30 September 2010


Today, the first day of our Utah trip, has been one marked by little and large kindnesses. I’m not going to make this post an annotated list, but for someone who lives her life tending toward a jaundiced view of humanity, the interactions of the day – servers to truck drivers to welcome center attendants to hotel clerks – have given me pause.

We were up at 5:00 and, watching the gates close behind us, pulled out of the driveway onto Country Club Road at 6:10. Our first stop? The Huddle House at US25 and I-20, a whopping nearly 20 miles. At that rate we’ll be arrive in St George about this time next year. Our breakfast, though, was great, the kitchen at home having been cleaned – and closed – the night before. Poor Tal.

It was an easy travel day. Augusta before 7:30 and Atlanta after 9:00. We travelled through bands of heavy rain intermingled with “teasings” of blue sky during that first leg of the trip, the tall buildings on the Atlanta skyline peeking out through the mist. Birmingham was a bit of a challenge with the interstate under improvement. Through the afternoon on US78 (aka Future I-22, interstate quality already), we passed through iron land, now reclaimed and gently rounded, displaying no population to speak of within view of our route. The skies cleared to a brilliant blue. We fueled in Jasper AL, had a picnic lunch at the Mississippi welcome center, gave a nod to Elvis as Tupelo went by on our left. The pleasures of a road trip!

Given that I failed to take into account the time change when making our hotel reservations, we arrived in New Albany MS (birthplace of William C Faulkner on 25 September 1897) by 2:30. Turning that error to good, we rested for a time and then set out for a walk recommended by the desk clerk.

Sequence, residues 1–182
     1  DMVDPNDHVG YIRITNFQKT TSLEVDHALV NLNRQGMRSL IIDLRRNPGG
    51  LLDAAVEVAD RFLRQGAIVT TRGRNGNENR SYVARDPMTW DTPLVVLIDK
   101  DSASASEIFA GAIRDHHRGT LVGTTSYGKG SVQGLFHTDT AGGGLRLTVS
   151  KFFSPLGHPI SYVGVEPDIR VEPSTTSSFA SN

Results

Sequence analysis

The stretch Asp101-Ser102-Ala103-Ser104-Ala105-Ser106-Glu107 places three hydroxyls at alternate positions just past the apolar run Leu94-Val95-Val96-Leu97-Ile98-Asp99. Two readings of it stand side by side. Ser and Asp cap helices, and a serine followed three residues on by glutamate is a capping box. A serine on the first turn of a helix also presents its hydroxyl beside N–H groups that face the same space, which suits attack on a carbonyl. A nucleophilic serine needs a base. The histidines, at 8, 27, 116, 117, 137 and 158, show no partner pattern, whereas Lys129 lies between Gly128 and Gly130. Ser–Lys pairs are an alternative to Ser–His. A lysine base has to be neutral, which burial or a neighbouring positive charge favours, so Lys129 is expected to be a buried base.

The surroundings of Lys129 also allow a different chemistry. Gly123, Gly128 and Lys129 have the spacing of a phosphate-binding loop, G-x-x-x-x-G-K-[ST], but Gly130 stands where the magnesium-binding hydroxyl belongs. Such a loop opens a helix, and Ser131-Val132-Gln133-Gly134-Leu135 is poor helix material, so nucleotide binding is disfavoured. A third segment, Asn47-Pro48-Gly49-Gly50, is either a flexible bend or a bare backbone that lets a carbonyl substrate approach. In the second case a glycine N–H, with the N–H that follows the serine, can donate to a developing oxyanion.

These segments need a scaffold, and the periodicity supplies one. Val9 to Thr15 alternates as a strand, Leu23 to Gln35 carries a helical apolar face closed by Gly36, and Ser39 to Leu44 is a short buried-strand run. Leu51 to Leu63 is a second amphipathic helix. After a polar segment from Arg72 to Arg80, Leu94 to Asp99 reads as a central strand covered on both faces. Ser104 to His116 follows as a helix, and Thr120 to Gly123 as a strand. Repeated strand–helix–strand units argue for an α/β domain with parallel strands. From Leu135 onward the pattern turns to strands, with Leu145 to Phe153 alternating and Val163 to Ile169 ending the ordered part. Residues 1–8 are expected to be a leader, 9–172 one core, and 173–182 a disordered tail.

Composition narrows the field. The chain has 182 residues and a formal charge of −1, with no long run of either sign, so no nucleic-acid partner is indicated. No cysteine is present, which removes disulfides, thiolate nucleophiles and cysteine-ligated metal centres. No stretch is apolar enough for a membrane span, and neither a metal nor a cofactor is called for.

New Albany is two miles form US78 and, for good and ill, is on the Tallachatchie River (of "Ode to Billie Joe" fame). In a civic feat with what I would imagine to have been incalculable psychological and political costs, the little town took advantage of the development that came with the highway’s improvement to interstate standard and built a sportsplex (ballfields, equestrian center, playgrounds) at the interstate and connected it to town with the Tallachatchie Trails – three of them, all intertwined: walking/hiking, bike, an 18-hole disc course. The whole development is known as the Park Along the River. I probably don’t need to say that we enjoyed our walk.

That’s the good. The ill has to do with the river’s rising above the levees and flooding the whole area on occasion, which it did earlier this year. All has been made well in the interim and the river is a placid, shallow, pale green stream, the dried brush in the trees and the sand dune-like piles of silt plowed from the paths a reminder of a very different river.

Day One
Four States: South Carolina, Georgia, Alabama, Mississippi
472 miles

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